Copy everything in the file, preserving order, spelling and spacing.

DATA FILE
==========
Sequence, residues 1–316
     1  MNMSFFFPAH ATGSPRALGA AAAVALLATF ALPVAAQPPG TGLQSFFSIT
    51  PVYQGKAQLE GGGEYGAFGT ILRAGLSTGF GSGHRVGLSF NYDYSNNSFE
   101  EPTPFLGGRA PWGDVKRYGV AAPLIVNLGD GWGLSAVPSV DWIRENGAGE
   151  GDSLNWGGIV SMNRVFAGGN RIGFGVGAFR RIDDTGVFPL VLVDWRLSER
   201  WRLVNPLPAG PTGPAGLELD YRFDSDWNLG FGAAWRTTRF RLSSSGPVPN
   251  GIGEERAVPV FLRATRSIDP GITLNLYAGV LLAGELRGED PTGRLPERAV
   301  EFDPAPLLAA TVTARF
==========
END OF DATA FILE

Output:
Sequence, residues 1–316
     1  MNMSFFFPAH ATGSPRALGA AAAVALLATF ALPVAAQPPG TGLQSFFSIT
    51  PVYQGKAQLE GGGEYGAFGT ILRAGLSTGF GSGHRVGLSF NYDYSNNSFE
   101  EPTPFLGGRA PWGDVKRYGV AAPLIVNLGD GWGLSAVPSV DWIRENGAGE
   151  GDSLNWGGIV SMNRVFAGGN RIGFGVGAFR RIDDTGVFPL VLVDWRLSER
   201  WRLVNPLPAG PTGPAGLELD YRFDSDWNLG FGAAWRTTRF RLSSSGPVPN
   251  GIGEERAVPV FLRATRSIDP GITLNLYAGV LLAGELRGED PTGRLPERAV
   301  EFDPAPLLAA TVTARF